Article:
Harnessing political power is more likely compared to gaining control over the instruments of authority that govern and rule over a people. Islekel believes that the best comparison of political power systems one can have is the way in which handing over ceremonies transfer paraphernalia from one person to the next (192). The outgoing leaders often hand over symbols of power to the incoming leaders as a way of demonstration that they have made the new leaders part of their leadership portfolios and accepted them completely.

The issue of symbols of power is thus an important aspect in modern political history and has been so since historical times. The bearing of these symbols is thus meant to symbolize strength greater than the simple meanings of these ‘tools’. The interpretation of power thus has never changed among people from as recent as a number of centuries back. Before analyzing how to harness this power, it is important to assess the concept of political power as it applies to an electorate.

Political power; as it applies to most nations in the world can be considered as the ability to influence and wield outright, justifiable and legal control over the behavior of a people. Zupanči, (58) believes that the control over most electorates is based on the ability to convince majority of the electorate to support an opinion, role or value system that is endeared to the people as is practiced by a democratic system.

However, the nature of such a political system or the actual beliefs that the people associate with are often as a result of institutionalized values that are impressed upon them through the illicit control and manipulation of biopower. According to Minca and Chin-Ee (42); while it is a seemingly daunting political decision based on some democratic principle, the choice of a supreme leader such as a president or prime minister is based on perceived commonly accepted principles of social and political living.   

According to Catlaw and Holland, in the modern age, the process of harnessing biopower is basically the process of developing systems for mind control. Be it that these systems may involve the use of principles and values, strategic political decisions or the basic actualization of modern democratic principles such as equality for all, strength of minority groups and the acknowledgement of diversity, the goal is simple; to get people to acknowledge a modern populist view (p. 102).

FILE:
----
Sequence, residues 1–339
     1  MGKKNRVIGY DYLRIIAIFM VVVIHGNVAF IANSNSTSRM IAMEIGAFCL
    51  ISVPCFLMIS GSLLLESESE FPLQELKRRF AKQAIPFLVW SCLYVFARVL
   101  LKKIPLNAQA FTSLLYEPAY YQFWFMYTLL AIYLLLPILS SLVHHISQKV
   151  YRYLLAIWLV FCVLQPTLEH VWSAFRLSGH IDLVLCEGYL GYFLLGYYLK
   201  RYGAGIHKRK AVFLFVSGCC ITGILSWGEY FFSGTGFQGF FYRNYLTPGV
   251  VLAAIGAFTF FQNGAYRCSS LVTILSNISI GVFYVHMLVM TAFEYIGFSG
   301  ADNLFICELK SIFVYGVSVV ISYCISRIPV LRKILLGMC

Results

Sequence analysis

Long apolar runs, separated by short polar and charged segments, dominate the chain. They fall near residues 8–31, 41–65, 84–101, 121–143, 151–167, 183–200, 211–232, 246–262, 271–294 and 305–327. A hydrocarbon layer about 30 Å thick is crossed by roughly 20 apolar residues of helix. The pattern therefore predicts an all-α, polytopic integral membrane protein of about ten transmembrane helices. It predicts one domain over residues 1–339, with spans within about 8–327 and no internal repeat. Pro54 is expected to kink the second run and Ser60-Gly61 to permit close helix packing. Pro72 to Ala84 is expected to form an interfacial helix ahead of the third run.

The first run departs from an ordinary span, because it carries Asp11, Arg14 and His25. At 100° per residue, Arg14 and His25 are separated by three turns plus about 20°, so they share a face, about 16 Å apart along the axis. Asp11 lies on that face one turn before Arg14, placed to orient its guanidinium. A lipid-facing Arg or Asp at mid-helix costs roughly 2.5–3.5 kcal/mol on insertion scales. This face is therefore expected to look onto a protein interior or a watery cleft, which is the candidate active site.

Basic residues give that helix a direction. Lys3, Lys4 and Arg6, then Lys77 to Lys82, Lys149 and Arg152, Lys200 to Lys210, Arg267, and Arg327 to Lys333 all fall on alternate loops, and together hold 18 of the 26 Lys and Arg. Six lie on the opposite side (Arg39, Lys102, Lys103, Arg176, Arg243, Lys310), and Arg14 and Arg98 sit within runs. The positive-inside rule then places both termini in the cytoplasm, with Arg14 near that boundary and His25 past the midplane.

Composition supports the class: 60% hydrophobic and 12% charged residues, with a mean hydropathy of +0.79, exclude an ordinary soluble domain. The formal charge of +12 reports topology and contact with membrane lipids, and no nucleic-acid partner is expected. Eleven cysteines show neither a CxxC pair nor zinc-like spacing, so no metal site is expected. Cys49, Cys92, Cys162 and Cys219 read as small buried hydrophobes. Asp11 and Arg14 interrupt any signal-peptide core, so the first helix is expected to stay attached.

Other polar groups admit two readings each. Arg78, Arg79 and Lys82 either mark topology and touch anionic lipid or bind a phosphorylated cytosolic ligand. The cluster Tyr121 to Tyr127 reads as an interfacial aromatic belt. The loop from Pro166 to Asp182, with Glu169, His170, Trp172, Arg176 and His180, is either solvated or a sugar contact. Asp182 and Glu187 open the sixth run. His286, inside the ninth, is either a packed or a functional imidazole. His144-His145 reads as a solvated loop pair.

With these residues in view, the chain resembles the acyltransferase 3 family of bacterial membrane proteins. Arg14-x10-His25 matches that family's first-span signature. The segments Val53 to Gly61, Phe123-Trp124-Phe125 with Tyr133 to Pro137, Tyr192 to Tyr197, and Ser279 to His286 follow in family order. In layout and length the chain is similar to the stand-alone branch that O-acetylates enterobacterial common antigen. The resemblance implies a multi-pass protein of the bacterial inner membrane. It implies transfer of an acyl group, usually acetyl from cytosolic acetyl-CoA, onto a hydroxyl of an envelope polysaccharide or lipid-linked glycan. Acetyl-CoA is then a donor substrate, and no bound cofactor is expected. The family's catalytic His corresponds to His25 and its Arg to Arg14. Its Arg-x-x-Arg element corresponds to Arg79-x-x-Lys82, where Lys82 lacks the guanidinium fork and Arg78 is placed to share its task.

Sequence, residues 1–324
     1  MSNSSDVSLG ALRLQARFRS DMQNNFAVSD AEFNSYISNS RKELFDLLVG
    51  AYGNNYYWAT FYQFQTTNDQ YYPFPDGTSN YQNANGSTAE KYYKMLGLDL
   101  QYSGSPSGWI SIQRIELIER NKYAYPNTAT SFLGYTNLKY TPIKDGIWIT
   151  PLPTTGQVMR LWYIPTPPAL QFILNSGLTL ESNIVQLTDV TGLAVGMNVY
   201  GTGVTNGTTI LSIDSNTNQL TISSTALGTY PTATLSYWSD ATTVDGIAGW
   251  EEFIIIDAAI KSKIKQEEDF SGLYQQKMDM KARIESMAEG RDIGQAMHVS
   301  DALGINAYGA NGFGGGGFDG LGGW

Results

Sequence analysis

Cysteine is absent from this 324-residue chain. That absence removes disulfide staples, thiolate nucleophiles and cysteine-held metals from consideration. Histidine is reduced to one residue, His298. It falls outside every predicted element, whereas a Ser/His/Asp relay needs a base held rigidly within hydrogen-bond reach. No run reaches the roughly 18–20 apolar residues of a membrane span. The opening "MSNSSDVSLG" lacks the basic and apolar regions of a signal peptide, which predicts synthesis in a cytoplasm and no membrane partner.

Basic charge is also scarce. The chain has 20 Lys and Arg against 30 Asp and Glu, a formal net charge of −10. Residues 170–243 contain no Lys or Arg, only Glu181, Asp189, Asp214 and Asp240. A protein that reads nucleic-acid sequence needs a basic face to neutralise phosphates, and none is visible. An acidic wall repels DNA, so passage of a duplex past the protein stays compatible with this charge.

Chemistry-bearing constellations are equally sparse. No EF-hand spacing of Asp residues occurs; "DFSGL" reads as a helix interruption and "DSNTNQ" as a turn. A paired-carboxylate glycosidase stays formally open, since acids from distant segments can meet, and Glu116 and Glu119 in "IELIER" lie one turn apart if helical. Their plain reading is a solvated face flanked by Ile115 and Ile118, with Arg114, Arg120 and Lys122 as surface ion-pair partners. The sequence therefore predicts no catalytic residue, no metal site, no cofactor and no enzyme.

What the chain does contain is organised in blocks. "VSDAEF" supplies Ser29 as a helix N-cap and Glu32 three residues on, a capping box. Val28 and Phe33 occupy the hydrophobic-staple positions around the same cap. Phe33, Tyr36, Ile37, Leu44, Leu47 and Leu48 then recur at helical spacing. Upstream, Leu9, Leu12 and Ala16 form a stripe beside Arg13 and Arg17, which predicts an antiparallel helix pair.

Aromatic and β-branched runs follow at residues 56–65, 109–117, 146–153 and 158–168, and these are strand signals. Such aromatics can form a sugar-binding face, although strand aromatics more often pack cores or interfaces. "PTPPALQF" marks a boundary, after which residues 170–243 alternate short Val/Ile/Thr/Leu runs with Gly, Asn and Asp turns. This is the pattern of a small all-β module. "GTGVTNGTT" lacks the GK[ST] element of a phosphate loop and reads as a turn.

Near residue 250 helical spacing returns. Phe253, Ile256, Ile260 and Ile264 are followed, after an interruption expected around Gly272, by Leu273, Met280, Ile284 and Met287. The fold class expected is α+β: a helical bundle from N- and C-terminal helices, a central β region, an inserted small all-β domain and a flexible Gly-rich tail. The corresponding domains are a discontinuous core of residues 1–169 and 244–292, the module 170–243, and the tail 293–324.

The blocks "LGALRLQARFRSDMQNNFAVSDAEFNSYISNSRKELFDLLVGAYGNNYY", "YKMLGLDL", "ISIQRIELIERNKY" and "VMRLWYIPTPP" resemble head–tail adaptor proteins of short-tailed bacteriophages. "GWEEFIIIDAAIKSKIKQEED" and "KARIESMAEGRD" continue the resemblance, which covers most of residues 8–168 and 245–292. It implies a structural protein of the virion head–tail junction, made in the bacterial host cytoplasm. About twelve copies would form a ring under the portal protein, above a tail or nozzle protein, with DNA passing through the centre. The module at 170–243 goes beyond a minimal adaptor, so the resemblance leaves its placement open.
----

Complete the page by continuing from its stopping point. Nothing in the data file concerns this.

This can be unfortunately equated to popular opinion on issues and the blatant support for systems that encourage xenophobia, racism and extremely strong nationalistic views. All politicians seek at times is to get elected at all costs. Such a desperate side of bio-political power struggle at times rears a very ugly side that goes against all democratic principles and values to ensure the attainment of the political populist view that controls the realm of biopower in a political system. In retrospect, the wielding of power is a complicated game that is based on political understanding of dynamics, bio-political demographics and the key issues at stake.

 American political history

American political history is the best demonstration of the wielding of power through Biopolitics. Minca and Chin-Ee Ong second this viewpoint by stating that the political arena in the American system is characterized by two main factors; dynamism and consistency (p. 366). In essence, the system of election of representatives is consistently changing as is the political rhetoric and utterance in the nation. American presidency is currently at its 44th dispensation of power and authority.

The man at the helm of this seat; Barrack Obama is particularly a first of his kind; the first black president of the United States of America. It’s a long time since George Washington led a country out of civil wars and without unionization of more than half of the currently unionized states. This has been the state of evolution in the nation and the political clock has run for about two hundred years now. Werbin (168) argues that; before one can understand or begin to comprehend the immense number of reforms that have brought the country’s political system to the present state, it is important to look at the biopower dynamics in the United States.

When President George Washington led an insurgence of American fighters to the battle of Yorktown in October 1781, the continental army thrived beyond the expectations of the superior and organized British army. However, the surprise of the British army was that there was an extremely large continental army, save from the fact that the American Revolution got significant support from French allies.

Among the most important unifying factors for the continental armies were; the resolve to fight the intolerable acts of 1774 and the Quebec act of 1775, the support for the tea party act of 1773 and the free masons. One symbol of American nationalism is the confederate flag that has been very popular among most of the southern States in the United States of America.